Apparently achieving a small incremental goal is perceived as easier—and more satisfying—than maintaining the status quo. This surprising finding, contrasts with the popular belief that no change is easier than any change.
What the researchers say: “When evaluating goal difficulty, our brain first considers the gap between the starting point and the desired state.… [read more]
When we meet new people, our first impressions of their personality may depend, at least in part, on their body shape, according to research published in Psychological Science.
What the researchers say: “Our research shows that people infer a wide range of personality traits just by looking at the physical features of a particular body,” said the lead author.… [read more]
The more severe a crime, the more evidence you should have to prove someone did it. But a new study, appearing in Nature Human Behavior, has shown that the type of alleged crime can increase jurors’ confidence in guilt.
What the researchers say: “If the crime is more serious or more heinous, jurors are more likely to be convinced by the same amount of evidence,” said lead study author.… [read more]
Fear of immigrants seems to be the dominant feeling exploited by so many politicians from Boris Johnson in the UK to Victor Orban in Hungary and to DT in the US (to name but a few). Recently scientists have been taking a closer look at the reasons that we are so afraid of those who are different to us.… [read more]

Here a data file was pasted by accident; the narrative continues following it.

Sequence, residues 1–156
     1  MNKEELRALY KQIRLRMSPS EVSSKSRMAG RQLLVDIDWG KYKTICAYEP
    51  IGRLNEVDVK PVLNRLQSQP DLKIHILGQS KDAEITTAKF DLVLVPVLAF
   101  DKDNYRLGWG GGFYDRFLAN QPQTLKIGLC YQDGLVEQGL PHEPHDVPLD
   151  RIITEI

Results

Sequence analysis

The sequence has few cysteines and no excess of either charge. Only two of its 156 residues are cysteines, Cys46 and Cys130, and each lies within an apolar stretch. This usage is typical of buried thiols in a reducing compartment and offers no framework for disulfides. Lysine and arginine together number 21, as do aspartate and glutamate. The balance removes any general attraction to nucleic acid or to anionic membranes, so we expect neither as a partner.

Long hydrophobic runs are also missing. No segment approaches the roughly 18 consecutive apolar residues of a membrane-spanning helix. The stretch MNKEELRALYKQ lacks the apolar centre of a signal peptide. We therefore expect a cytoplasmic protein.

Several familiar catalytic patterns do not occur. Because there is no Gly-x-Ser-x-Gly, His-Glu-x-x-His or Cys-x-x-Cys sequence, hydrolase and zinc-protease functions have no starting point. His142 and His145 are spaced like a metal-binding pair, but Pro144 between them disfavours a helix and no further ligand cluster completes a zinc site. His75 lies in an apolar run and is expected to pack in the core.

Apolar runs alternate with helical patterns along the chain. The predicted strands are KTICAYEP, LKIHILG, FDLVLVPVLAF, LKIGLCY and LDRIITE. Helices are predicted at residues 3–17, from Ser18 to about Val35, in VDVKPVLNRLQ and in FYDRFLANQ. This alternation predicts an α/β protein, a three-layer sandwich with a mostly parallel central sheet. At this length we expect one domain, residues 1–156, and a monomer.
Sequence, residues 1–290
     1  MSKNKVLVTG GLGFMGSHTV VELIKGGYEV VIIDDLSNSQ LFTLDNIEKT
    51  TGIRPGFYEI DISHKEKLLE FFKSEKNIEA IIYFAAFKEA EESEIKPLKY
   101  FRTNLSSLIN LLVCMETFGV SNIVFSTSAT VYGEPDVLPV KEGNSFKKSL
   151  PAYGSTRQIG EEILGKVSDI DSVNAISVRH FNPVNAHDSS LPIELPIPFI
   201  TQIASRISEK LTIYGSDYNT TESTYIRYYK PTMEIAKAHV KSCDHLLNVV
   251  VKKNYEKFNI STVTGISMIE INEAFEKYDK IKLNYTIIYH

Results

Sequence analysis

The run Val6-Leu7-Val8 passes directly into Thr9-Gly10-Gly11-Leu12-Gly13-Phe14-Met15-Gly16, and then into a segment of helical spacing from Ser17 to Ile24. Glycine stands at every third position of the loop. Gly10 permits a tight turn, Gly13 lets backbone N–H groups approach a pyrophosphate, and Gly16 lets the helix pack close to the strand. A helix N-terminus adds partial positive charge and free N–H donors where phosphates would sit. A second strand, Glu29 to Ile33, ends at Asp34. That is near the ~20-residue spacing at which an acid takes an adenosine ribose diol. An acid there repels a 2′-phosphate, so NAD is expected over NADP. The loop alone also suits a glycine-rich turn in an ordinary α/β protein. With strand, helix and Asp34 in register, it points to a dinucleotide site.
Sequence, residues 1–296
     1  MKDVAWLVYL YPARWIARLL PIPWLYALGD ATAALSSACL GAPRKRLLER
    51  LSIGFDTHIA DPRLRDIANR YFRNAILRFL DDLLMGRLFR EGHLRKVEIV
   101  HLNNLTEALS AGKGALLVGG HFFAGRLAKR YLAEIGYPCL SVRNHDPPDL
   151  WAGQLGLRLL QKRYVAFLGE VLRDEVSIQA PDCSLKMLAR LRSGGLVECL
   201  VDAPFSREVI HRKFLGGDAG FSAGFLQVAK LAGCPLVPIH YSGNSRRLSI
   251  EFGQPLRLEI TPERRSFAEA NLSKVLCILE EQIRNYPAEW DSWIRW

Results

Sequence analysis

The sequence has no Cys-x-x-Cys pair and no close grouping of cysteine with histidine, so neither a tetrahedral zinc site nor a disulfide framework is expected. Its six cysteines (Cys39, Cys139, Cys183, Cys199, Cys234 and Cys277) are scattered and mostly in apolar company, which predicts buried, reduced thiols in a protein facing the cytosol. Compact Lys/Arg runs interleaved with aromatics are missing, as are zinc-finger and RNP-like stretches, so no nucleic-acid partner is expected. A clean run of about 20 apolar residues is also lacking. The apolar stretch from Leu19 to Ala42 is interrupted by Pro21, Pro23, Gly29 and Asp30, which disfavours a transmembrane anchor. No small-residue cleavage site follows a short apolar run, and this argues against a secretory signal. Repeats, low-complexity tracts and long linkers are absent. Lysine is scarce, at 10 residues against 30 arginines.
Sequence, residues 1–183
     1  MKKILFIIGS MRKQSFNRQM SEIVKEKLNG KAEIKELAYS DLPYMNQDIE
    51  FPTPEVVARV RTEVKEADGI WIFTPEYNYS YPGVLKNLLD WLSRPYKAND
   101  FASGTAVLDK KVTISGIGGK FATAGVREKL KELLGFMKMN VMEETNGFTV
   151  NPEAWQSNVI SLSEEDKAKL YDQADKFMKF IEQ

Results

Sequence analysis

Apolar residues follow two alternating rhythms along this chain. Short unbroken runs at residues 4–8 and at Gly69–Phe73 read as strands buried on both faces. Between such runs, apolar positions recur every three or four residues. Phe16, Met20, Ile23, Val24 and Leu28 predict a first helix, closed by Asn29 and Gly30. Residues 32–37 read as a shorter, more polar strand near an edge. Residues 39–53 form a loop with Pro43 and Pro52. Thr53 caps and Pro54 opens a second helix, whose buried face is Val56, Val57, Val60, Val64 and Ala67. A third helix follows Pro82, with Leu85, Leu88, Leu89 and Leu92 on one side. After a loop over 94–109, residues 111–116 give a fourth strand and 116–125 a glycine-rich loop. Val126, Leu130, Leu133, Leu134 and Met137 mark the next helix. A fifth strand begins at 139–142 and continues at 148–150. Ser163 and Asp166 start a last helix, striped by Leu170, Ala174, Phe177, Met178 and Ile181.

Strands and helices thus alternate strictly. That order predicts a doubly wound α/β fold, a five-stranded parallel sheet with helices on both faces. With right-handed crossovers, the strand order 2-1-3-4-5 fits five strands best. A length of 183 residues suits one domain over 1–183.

Do you trust other people? Trusting may prolong your life. According to a new study people who trust others live longer and those who do not risk trusting die sooner. This fascinating study is published in the Journal of Epidemiology and Community Health.… [read more]
People who need to make a good impression on dates or in job interviews should concentrate on communicating the hard work and effort behind their success, rather than just emphasizing their talent, new research from has found.
For the study published in Basic and Applied Social Psychology, the researchers investigated how people relate their success on dates and job interviews, and whether the way they told it was successful with their audiences.… [read more]
The seemingly never-ending stream of corporate scandals over the past decades, from Enron and Worldcom to the recent US and Australian bank scandals, suggests that something is rotten in the brains of many corporate leaders. Many researchers place the blame on psychopaths, who are characteristically superficially charming but lack empathy, anxiety, or any sense of blame or guilt.… [read more]
An Australian study involving 1000 men aged 18 to 30 has found those who conform to traditional definitions of manhood—dubbed being in “the man box”—are twice as likely to consider suicide and seven times more likely to be violent towards others.… [read more]
Despite expectations that stereotypically feminine leadership traits like communality will define 21st century leaders (see previous TRs), the higher up we look across different types of organizations, the fewer women we find.
A new study exploring this apparent contradiction reveals these communal leader traits—like being tolerant and cooperative—are viewed as desirable but ultimately superfluous add-ons.… [read more]
What happens to those who behave unselfishly and make sacrifices for the sake of others? According to an international interdisciplinary study unselfish people tend both to have more children, and to have higher income, in comparison to more selfish people. The results are published in the Journal of Personality and Social Psychology.… [read more]